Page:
Serious Fraud Office charges Weavering fund founder

Liquidators sue auditors

Britain’s Serious Fraud Office has charged Magnus Peterson, the founder of Weavering Capital, with fraud and forgery.

The six charges against Mr. Peterson, which include false accounting, fraudulent trading, forgery and fraud by abuse of position, come months after the SFO reopened an investigation into the collapse of $600 million hedge fund Weavering Macro Fixed Income Fund Limited.

The assets of the fund, which is registered in the Cayman Islands but was managed from London, were found to be $637 million in swap trades with an entity controlled by Mr. Peterson, a Swedish national.

The SFO abandoned an initial investigation in September 2011 but continued pressure by Weavering’s creditors and a change at the helm of the Serious Fraud Office caused the SFO to reopen its investigation in May.

In July, the British High Court awarded $450 million in damages against Mr. Peterson and three other directors including his wife in a civil action. The court stated the swap transactions by the fund were a sham used to manipulate the net asset value of the funds.

The case also caused ripples in Cayman’s hedge fund community when in 2011 two of the fund’s directors were ordered to pay damages of $111 million each by the Cayman Islands Grand Court in a civil action brought by the fund’s liquidators. The two directors, respectively the brother and stepfather of Mr. Peterson, were found guilty of wilful neglect or default in the discharge of their duties.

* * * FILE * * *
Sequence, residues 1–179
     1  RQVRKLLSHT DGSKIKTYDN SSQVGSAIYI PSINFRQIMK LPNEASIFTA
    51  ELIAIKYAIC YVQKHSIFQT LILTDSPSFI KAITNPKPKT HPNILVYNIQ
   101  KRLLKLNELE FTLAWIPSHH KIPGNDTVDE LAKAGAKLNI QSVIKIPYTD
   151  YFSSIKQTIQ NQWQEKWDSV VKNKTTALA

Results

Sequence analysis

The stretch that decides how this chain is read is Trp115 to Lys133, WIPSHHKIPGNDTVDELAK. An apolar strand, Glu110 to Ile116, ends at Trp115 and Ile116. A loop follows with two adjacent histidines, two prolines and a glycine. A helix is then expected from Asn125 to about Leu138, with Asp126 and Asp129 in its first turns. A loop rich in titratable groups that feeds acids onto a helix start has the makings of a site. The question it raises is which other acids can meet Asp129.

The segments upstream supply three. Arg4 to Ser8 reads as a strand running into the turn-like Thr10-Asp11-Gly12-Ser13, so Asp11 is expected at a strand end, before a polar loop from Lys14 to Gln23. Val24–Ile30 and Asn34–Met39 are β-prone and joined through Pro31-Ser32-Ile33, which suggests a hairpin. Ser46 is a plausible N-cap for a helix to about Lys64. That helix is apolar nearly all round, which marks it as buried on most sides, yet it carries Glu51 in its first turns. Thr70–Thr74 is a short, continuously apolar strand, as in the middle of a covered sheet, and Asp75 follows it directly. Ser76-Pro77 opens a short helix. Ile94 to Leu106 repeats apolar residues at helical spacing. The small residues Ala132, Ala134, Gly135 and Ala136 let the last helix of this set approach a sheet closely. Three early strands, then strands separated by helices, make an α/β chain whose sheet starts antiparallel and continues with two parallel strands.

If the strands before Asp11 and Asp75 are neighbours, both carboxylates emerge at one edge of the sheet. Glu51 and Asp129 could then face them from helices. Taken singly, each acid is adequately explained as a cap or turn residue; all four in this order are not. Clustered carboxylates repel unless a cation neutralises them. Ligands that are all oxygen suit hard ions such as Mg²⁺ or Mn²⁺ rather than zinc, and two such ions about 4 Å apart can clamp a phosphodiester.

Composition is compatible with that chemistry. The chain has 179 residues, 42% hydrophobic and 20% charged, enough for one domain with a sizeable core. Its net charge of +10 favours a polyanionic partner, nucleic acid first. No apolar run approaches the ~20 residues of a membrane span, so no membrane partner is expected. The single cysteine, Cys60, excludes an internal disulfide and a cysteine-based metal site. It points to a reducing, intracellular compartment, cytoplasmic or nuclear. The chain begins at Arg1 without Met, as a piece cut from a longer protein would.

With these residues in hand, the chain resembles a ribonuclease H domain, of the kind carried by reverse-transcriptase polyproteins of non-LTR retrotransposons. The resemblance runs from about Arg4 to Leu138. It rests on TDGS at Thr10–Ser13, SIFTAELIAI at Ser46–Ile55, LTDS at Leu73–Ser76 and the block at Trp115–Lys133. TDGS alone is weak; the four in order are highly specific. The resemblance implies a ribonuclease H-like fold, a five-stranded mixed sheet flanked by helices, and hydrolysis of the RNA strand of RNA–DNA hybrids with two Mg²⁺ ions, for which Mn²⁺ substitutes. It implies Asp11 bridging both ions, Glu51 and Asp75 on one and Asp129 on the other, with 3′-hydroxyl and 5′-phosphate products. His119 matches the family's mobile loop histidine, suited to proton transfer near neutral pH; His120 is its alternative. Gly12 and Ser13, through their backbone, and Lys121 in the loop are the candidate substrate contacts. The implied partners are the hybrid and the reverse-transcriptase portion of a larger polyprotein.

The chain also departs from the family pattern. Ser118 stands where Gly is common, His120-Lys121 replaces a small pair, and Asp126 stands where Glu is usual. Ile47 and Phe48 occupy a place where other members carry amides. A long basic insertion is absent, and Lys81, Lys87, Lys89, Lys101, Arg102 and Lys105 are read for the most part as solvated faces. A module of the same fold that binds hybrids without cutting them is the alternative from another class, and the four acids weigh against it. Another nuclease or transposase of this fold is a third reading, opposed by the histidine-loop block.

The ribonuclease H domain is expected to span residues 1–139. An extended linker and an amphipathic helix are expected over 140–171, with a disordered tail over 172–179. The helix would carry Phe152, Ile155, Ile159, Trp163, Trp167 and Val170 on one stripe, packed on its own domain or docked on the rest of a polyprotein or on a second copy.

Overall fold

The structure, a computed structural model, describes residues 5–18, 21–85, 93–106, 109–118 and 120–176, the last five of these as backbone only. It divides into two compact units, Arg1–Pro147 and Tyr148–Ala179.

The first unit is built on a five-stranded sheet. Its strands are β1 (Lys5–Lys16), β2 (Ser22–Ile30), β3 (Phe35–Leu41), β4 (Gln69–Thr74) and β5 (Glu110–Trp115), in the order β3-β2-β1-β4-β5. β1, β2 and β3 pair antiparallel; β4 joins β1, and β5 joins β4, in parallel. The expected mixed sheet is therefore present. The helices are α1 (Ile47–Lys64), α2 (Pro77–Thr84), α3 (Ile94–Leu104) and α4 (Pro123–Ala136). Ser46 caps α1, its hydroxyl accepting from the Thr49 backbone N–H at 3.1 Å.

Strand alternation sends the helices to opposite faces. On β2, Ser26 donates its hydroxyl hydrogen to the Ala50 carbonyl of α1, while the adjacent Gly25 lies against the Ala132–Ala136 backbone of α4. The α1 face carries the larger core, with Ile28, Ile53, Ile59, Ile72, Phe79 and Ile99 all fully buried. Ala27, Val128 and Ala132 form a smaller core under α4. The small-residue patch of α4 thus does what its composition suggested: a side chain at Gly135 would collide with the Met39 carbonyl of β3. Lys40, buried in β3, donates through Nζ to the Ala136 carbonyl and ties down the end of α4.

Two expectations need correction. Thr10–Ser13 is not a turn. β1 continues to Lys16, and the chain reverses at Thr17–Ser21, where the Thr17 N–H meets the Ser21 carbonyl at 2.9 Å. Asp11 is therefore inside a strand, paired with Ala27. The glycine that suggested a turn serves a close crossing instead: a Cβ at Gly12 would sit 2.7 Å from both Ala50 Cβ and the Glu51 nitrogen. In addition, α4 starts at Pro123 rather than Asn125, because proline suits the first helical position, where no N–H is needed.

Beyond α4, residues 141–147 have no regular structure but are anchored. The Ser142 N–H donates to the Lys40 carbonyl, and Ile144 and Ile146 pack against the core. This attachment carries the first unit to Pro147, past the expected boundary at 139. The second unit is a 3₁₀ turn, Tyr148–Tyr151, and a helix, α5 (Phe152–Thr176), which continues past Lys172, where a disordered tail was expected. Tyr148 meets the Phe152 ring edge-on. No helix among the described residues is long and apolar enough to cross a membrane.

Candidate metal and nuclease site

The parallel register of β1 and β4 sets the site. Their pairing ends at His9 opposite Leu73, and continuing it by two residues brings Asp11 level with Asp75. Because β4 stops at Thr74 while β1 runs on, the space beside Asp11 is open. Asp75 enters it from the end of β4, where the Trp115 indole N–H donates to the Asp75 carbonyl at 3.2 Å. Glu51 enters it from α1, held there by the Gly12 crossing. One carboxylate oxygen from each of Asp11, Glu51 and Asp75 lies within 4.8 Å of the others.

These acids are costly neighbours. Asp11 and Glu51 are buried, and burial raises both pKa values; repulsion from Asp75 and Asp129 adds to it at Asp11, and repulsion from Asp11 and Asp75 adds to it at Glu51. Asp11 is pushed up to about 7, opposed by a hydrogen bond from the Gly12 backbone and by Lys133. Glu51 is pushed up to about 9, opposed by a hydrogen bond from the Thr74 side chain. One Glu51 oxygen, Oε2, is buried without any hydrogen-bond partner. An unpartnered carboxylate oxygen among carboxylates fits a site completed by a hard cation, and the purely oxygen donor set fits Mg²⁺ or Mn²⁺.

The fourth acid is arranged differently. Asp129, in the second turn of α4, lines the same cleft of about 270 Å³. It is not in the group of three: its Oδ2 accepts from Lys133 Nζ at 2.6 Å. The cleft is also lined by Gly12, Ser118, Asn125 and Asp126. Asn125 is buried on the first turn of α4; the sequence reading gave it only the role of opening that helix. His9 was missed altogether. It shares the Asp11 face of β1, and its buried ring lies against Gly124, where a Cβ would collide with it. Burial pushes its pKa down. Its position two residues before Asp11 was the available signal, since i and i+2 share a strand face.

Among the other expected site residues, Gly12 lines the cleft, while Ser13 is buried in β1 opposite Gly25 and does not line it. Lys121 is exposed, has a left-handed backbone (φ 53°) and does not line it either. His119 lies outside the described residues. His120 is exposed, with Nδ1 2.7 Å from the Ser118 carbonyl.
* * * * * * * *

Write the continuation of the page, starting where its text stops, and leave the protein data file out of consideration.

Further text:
The case prompted widespread debate about fund governance standards in general and the role of directors of Cayman funds in particular.

In a writ filed on 30 November in the Grand Court of the Cayman Islands, the liquidators of the fund have also sued the auditors of the fund, Ernst & Young in the Cayman Islands and Ireland, for damages alleging “deceit”, “negligence” and “breach of the contracts of retainer”.

In a statement, Ernst & Young referred to the judgements which have found the directors of the fund guilty of wilful neglect in their responsibilities toward the fund. “Any audit depends to a substantial degree on the honesty and transparency of the management of the company being audited,” the audit firm said. Ernst & Young further stated it believes the proceedings are “ill-judged and unsubstantiated”.

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